After being rescued from his attic, Micheal Talbot, his family and a few survivors are on the run from the zombies. What they don't know is that the zombie horde is not nearly as mindless as it seems. Unlike other survivors, the Talbot's and the people they travel with are being hunted. At first, Micheal doesn't want to believe this is the case but Tommy's warning becomes dire and his son Justin is starting to show terrible side effects after surviving a zombie attack. How much of Tommy is still human is something they will have to discover, as the Talbots struggle to survive, even as it seems that their son is looking for an opportunity to lead them to their deaths. Can the Talbots stay one step of the zombie plague that is determined to consume them.
I actually had to pause before writing this review and not because Tufo's story is particularly complex. He added new elements like zombies being able to move quickly, the dead from Talbot's neighbourhood stalking him and even a zombie/vampire hybrid. This of course helped to raise the level of peril and added a sense of urgency to each step the Talbots tale. I could feel the anguish of Michael when confronted with toddler zombies intent on devouring him. It was symbolic of a loss of innocence, of a way of life which would never return. If only Tufo had focused on these elements of his story but alas that was not to be. When Tufo was not overwhelming the story with puerile commentary about farts and various other bodily functions, the story was like an ism lalapalooza.
A Plague Upon Your Family, is easily one of the most offensive books I have read in this genre. Please keep in mind that I have read a lot of shit. There isn't a single ism that Tufo didn't engage in in this story, which makes me wonder why Tufo believes that the pain of marginalized people is appropriate fodder for his second rate offensive comedy? I almost don't know where to begin.
We met BT (read: Big Tiny) in Zombie Fallout. He is the only Black man among the survivors and of course, he is big and intimidating because well, aren't all Black men? Michael Talbot vacillates between trying to calm BT's ridiculous, ever-present rage and counting on his physical size and strength. BT is simply angry for the sake of being angry, as all Black men are stereotyped to be. If someone seems even remotely disagreeable to BT, like refusing to drink out of a bottle after he has had a sip from it, it must be because BT is Black. There is no nuance to this character. He is simply a big Black hulk, who doesn't seem to have a sense for his own survival and is dedicated to Talbot's leadership for some reason I cannot even begin to fathom. In fact, when BT isn't ridiculously angry, he spends his time propping up Mike Talbot's leadership and self esteem.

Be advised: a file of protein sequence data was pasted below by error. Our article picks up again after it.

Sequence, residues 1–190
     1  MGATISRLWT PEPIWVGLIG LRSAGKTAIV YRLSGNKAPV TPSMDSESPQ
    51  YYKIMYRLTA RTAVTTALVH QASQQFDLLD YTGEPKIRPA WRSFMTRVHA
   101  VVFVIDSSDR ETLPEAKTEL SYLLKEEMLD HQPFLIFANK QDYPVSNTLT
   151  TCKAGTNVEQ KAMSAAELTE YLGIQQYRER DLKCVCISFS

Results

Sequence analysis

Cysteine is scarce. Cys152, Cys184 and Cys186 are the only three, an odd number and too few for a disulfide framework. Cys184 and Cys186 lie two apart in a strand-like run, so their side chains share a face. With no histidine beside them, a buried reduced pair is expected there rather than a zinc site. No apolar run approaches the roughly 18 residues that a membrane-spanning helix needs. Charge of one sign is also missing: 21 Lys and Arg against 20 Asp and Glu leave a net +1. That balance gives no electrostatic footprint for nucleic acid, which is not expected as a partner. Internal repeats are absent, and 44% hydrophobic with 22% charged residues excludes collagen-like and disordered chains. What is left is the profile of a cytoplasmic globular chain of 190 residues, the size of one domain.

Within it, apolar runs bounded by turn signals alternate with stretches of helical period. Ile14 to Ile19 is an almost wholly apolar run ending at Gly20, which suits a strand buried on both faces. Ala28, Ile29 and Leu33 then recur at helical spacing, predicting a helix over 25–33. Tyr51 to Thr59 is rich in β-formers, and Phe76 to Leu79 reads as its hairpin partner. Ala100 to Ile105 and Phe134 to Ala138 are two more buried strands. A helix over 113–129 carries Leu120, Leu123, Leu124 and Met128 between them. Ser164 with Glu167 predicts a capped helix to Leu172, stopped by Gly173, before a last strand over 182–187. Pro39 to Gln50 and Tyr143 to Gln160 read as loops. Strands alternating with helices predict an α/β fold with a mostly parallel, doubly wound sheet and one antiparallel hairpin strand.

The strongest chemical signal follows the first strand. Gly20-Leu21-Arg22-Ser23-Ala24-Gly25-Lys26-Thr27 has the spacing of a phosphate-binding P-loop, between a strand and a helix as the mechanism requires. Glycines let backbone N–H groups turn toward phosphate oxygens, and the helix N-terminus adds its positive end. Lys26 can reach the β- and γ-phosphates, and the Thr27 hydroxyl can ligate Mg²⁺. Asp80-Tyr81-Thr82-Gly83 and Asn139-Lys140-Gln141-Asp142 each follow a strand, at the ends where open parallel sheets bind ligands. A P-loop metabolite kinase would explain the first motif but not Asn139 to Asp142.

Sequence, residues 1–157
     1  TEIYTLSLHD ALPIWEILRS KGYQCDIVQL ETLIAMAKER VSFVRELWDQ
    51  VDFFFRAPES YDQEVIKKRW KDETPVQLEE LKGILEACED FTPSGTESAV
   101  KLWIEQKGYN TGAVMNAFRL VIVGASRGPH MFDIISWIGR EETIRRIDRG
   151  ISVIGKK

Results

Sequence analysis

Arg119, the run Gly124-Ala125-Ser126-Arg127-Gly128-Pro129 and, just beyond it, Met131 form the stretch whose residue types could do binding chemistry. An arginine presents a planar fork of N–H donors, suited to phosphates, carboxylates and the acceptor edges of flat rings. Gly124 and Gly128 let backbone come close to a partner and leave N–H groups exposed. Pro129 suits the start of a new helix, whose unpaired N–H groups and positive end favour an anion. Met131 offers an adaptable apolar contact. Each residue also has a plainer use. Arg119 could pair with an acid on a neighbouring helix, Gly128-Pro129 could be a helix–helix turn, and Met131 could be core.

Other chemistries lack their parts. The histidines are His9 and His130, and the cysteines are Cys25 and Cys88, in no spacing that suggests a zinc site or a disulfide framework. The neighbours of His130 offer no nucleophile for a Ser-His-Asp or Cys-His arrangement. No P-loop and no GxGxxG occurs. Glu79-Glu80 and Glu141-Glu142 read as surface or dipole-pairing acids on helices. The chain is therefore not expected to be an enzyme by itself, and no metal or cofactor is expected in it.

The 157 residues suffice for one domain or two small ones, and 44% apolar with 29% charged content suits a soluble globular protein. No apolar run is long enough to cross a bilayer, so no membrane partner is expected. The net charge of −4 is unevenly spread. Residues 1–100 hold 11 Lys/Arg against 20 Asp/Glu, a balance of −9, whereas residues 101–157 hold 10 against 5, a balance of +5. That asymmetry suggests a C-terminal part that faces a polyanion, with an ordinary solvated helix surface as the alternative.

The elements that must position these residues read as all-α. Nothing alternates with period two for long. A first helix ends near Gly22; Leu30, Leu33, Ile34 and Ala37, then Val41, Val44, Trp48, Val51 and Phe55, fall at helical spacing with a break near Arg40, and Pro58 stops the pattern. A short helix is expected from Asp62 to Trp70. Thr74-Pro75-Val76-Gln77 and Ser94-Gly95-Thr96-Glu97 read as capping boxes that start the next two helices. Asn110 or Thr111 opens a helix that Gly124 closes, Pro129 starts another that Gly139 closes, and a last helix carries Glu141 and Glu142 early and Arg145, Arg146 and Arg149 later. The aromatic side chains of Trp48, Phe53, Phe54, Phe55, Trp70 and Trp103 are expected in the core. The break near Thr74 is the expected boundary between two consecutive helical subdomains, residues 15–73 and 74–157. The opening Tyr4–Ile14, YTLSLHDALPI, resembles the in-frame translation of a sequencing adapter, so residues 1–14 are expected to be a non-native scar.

Then we have Jen, the sole lesbian of the group. After being described as a waste because of her lack of interest in men in the first book, I suppose it was too much to hope that her character would improve. When Jenn steps in to help Talbot fight off the zombies, she's described as "a gun toting man-hating lesbian" (pg 76). It only gets better from there folks. When she is able to move quickly, BT says, "Who would have thought a lesbian would have that kind of speed?" (pg. 123) Is there something about homosexuality which denotes that one must move with the speed of a turtle? The line doesn't even make any sense! Lesbians apparently are also more aware as we learned on page 209.
"Do you think lesbians are more spatially aware than your normal female?" I asked BT. "I mean they have to put their own furniture together and shit. Use a tape measure to hang shelves, that kind of thing."
This actually hits the mark of being both sexist and homophobic. Jenn never becomes anything more than a stereotype and in the end, died falling off a truck when Talbot couldn't save her. Normally, I am not happy when the sole member of a marginalized group gets killed off in a story, but in this case, it was an absolute relief because it means a break from all of the homophobia Tufo engaged in.